LOVE AS THE PRINCIPLE OF THE DYNAMISM OF BEINGS (AN ANALYSIS OF THE ARGUMENTS OF ST. THOMAS AQUINAS)
Languages of publication
In ancient times, people pondered “cosmic love” (eros, philotes, thymos), i.e., the universal power that underlies the phenomena of the universe. The force of love extends to all things, including man and his action. Philosophers remarked rather early that love is, as it were, the foundation for the phenomena and actions that are experienced. As love is both of the character of a source and is strongly present in its manifestations, it turns out to be something that, on the one hand, is best known, but on the other hand, not easy to understand. In parallel, people also considered the strictly personal form of love—philia, whereby people are joined with each other in a special relation, which is friendship (Aristotle started this conception). The analogical scholastic conception of love was an interesting combination of those two tendencies; love is the foundation of action and in the metaphysical order it becomes the principle that explains the domain of being that we call dynamism. This article discusses Thomas Aquinas’ doctrine of love; first, it analyzes love’s relationship with action, end, and knowledge, then, secondly, investigates the place of love in the order of the causes of action.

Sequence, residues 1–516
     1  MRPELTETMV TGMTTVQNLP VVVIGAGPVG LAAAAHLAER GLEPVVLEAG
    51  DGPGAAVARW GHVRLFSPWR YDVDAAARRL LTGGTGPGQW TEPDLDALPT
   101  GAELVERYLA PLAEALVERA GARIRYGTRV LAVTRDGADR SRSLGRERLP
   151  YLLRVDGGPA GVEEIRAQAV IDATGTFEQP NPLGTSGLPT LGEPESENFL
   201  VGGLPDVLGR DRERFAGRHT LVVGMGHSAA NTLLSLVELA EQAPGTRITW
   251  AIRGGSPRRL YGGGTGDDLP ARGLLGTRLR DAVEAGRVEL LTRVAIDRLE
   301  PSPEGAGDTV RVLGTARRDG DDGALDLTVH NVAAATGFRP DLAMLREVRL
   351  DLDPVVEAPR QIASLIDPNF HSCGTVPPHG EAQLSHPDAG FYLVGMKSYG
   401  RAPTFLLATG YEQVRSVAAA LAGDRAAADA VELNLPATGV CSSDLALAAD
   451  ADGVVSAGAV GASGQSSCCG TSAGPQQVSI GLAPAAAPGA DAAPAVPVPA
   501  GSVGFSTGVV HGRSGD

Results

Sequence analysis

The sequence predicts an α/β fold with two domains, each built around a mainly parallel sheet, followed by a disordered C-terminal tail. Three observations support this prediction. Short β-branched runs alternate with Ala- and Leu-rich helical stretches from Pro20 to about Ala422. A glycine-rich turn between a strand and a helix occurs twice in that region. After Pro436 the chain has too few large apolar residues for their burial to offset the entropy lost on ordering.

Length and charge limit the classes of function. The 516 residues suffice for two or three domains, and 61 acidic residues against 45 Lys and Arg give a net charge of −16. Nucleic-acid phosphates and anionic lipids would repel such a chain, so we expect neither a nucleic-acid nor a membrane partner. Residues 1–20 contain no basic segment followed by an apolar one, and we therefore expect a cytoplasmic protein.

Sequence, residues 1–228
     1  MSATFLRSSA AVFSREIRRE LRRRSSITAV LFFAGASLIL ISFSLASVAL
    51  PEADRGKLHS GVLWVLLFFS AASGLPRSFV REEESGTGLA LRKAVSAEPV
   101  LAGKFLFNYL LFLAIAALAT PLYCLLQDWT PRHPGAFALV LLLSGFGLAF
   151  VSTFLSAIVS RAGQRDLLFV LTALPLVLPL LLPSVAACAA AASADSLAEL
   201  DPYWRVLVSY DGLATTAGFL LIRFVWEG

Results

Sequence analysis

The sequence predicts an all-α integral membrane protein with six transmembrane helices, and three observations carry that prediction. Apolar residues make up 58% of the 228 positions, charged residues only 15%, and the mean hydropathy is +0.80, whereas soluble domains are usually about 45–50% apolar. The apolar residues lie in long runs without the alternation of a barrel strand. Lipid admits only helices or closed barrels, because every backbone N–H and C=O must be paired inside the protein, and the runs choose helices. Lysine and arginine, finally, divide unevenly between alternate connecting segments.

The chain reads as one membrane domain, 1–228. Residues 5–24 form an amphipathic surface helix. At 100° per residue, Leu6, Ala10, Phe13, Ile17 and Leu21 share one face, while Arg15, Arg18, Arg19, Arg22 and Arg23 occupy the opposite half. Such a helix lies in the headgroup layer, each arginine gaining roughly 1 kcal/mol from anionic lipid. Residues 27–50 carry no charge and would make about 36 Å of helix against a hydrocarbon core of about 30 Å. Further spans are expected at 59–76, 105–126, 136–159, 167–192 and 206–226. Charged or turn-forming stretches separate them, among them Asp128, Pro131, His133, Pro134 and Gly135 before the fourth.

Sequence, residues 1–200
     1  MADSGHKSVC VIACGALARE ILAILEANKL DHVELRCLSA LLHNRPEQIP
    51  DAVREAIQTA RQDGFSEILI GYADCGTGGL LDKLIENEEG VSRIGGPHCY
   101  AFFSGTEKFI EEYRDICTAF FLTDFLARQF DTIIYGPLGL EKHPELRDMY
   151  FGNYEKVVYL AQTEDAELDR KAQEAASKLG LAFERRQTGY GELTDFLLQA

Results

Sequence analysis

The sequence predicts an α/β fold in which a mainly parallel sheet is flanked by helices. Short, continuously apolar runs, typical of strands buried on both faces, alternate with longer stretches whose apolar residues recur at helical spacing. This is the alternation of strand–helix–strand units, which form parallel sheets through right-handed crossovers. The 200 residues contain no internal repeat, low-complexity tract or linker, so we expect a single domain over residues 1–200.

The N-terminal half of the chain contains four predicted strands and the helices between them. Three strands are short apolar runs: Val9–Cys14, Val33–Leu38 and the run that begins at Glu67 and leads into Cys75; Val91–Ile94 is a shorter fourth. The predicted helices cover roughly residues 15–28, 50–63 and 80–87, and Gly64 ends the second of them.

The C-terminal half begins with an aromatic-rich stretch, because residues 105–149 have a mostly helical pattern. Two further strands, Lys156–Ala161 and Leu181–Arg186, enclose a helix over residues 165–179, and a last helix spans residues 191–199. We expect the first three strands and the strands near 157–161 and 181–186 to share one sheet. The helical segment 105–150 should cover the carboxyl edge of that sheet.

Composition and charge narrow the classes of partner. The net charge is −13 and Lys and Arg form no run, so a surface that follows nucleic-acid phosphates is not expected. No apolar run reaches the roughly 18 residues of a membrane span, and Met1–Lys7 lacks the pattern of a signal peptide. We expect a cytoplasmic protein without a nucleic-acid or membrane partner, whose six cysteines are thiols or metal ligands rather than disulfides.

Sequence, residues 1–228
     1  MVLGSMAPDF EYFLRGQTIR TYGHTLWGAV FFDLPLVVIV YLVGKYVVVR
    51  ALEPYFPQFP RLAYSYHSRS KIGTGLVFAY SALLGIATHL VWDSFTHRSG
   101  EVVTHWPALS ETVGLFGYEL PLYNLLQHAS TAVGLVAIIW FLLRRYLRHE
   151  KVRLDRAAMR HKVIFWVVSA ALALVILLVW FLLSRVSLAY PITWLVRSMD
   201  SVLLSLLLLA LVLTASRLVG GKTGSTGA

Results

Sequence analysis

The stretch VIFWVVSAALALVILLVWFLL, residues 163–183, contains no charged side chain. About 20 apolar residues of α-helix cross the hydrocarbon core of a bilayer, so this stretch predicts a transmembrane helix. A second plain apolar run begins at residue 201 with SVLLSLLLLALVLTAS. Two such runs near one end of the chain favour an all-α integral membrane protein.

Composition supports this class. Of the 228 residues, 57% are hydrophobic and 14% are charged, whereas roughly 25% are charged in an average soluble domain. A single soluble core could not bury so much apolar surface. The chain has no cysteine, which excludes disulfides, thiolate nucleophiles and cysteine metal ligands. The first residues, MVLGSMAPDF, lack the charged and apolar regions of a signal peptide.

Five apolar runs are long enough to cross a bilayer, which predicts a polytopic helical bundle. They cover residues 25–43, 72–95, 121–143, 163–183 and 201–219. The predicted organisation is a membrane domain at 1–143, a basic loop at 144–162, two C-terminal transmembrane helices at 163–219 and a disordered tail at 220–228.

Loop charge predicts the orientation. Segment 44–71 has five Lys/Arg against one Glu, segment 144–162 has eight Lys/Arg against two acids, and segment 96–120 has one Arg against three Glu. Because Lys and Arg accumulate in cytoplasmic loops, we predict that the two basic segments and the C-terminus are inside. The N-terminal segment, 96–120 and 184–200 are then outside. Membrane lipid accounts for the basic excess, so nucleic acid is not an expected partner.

Publication order reference